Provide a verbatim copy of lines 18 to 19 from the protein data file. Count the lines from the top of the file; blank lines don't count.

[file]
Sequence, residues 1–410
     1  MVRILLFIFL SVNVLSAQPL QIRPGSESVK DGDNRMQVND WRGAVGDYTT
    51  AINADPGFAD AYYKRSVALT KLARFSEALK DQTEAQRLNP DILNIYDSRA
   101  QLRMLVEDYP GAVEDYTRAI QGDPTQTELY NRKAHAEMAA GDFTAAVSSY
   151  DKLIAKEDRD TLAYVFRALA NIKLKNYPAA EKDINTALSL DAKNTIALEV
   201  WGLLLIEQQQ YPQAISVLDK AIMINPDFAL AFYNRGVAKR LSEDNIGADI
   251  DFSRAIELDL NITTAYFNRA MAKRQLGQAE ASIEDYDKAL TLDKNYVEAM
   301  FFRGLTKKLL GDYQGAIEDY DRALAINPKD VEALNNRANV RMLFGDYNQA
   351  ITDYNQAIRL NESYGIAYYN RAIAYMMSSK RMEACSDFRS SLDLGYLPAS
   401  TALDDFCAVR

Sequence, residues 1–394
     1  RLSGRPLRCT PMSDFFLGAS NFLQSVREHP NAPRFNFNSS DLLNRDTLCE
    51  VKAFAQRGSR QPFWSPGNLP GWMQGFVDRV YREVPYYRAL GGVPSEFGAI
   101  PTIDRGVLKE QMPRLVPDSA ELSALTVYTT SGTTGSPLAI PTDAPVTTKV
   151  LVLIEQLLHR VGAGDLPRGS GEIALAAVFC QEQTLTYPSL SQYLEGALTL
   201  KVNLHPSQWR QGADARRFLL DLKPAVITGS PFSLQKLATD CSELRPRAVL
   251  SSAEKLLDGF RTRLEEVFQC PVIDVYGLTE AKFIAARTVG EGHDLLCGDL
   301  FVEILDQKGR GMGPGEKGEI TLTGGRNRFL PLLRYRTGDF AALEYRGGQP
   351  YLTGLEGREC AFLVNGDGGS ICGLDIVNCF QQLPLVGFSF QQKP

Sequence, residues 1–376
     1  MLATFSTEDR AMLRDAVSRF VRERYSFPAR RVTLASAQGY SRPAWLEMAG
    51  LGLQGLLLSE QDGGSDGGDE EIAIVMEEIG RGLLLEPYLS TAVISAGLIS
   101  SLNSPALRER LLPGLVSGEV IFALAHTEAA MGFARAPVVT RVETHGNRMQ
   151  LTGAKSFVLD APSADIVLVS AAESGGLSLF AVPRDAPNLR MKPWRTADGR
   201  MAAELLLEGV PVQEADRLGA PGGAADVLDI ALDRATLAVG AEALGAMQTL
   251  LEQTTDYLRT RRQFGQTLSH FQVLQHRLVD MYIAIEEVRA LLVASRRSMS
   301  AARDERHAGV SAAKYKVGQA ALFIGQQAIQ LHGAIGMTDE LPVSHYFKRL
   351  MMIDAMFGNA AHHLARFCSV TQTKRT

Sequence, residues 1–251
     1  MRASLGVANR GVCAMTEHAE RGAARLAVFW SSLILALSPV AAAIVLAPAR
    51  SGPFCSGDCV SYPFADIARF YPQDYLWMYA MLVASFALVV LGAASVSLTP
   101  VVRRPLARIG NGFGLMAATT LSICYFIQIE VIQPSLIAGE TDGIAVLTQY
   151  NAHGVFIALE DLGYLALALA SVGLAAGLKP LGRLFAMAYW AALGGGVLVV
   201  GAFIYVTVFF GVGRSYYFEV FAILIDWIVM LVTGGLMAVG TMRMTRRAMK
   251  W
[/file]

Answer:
   301  FVEILDQKGR GMGPGEKGEI TLTGGRNRFL PLLRYRTGDF AALEYRGGQP
   351  YLTGLEGREC AFLVNGDGGS ICGLDIVNCF QQLPLVGFSF QQKP